After this I beheld, and lo another, like a leopard, which had upon the back of it four wings of a fowl; the beast had also four heads; and dominion was given to it.
After this I saw in the night visions, and behold a fourth beast, dreadful and terrible, and strong exceedingly; and it had great iron teeth: it devoured and brake in pieces, and stamped the residue with the feet of it: and it was diverse from all the beasts that were before it; and it had ten horns.
I considered the horns, and, behold, there came up among them another little horn, before whom there were three of the first horns plucked up by the roots: and, behold, in this horn were eyes like the eyes of man, and a mouth speaking great things.
I beheld till the thrones were cast down, and the Ancient of days did sit, whose garment was white as snow, and the hair of his head like the pure wool: his throne was like the fiery flame, and his wheels as burning fire.
A fiery stream issued and came forth from before him: thousand thousands ministered unto him, and ten thousand times ten thousand stood before him: the judgment was set, and the books were opened.
I beheld then because of the voice of the great words which the horn spake: I beheld even till the beast was slain, and his body destroyed, and given to the burning flame.
As concerning the rest of the beasts, they had their dominion taken away: yet their lives were prolonged for a season and time.
I saw in the night visions, and, behold, one like the Son of man came with the clouds of heaven, and came to the Ancient of days, and they brought him near before him.
And there was given him dominion, and glory, and a kingdom, that all people, nations, and languages, should serve him: his dominion is an everlasting dominion, which shall not pass away, and his kingdom that which shall not be destroyed.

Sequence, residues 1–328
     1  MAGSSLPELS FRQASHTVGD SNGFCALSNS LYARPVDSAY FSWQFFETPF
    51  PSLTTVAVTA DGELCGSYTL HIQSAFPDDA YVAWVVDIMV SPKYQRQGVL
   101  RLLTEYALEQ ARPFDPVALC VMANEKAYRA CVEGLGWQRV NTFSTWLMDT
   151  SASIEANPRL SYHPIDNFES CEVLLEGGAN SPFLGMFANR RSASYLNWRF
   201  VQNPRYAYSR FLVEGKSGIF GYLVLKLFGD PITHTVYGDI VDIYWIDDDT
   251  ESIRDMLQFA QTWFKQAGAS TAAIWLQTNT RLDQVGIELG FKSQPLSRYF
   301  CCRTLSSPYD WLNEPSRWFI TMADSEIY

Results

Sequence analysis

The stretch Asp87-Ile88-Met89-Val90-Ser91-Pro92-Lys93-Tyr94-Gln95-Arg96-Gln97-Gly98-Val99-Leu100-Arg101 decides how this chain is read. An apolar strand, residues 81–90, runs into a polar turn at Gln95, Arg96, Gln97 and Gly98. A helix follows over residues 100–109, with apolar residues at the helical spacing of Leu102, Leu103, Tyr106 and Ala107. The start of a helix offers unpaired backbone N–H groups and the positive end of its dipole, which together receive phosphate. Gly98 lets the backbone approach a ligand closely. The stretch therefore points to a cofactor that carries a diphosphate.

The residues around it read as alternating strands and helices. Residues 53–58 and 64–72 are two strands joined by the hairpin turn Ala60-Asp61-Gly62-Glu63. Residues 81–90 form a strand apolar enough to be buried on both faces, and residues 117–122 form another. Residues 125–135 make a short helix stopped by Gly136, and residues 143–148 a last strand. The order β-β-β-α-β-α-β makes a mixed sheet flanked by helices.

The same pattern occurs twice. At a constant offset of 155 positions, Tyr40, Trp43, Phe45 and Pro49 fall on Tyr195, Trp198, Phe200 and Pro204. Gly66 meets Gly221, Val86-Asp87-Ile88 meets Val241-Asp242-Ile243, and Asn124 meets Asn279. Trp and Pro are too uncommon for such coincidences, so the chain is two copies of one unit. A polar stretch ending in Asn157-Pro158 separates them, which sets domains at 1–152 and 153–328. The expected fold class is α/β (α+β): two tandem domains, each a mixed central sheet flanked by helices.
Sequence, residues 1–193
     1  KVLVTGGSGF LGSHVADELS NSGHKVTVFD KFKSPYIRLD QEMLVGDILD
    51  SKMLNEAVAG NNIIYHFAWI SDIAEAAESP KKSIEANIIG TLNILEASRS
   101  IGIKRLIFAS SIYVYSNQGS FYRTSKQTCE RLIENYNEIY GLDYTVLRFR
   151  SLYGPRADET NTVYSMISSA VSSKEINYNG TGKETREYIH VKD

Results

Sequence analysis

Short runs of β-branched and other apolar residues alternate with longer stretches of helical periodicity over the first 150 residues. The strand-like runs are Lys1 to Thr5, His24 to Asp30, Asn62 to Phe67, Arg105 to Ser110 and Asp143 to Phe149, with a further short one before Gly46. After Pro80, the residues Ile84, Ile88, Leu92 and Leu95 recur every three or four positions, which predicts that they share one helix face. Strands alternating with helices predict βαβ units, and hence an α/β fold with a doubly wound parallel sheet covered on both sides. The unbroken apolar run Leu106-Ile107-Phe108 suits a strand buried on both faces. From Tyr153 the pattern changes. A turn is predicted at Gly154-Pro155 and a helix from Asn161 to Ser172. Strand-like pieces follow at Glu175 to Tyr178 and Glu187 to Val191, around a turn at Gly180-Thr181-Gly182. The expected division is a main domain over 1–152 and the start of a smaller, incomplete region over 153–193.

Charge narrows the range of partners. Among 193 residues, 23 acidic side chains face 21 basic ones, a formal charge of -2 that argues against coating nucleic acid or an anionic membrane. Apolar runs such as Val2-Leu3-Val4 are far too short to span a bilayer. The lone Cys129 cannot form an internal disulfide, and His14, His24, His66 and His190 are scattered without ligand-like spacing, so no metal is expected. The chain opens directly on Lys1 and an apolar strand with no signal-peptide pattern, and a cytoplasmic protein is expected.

I Daniel was grieved in my spirit in the midst of my body, and the visions of my head troubled me.
I came near unto one of them that stood by, and asked him the truth of all this. So he told me, and made me know the interpretation of the things.
These great beasts, which are four, are four kings, which shall arise out of the earth.
But the saints of the most High shall take the kingdom, and possess the kingdom for ever, even for ever and ever.
Then I would know the truth of the fourth beast, which was diverse from all the others, exceeding dreadful, whose teeth were of iron, and his nails of brass; which devoured, brake in pieces, and stamped the residue with his feet;
And of the ten horns that were in his head, and of the other which came up, and before whom three fell; even of that horn that had eyes, and a mouth that spake very great things, whose look was more stout than his fellows.
I beheld, and the same horn made war with the saints, and prevailed against them;
Until the Ancient of days came, and judgment was given to the saints of the most High; and the time came that the saints possessed the kingdom.
Thus he said, The fourth beast shall be the fourth kingdom upon earth, which shall be diverse from all kingdoms, and shall devour the whole earth, and shall tread it down, and break it in pieces.
And the ten horns out of this kingdom are ten kings that shall arise: and another shall rise after them; and he shall be diverse from the first, and he shall subdue three kings.
And he shall speak great words against the most High, and shall wear out the saints of the most High, and think to change times and laws: and they shall be given into his hand until a time and times and the dividing of time.
But the judgment shall sit, and they shall take away his dominion, to consume and to destroy it unto the end.
And the kingdom and dominion, and the greatness of the kingdom under the whole heaven, shall be given to the people of the saints of the most High, whose kingdom is an everlasting kingdom, and all dominions shall serve and obey him.
Hitherto is the end of the matter. As for me Daniel, my cogitations much troubled me, and my countenance changed in me: but I kept the matter in my heart.
William Robertson Nicoll's Sermon Bible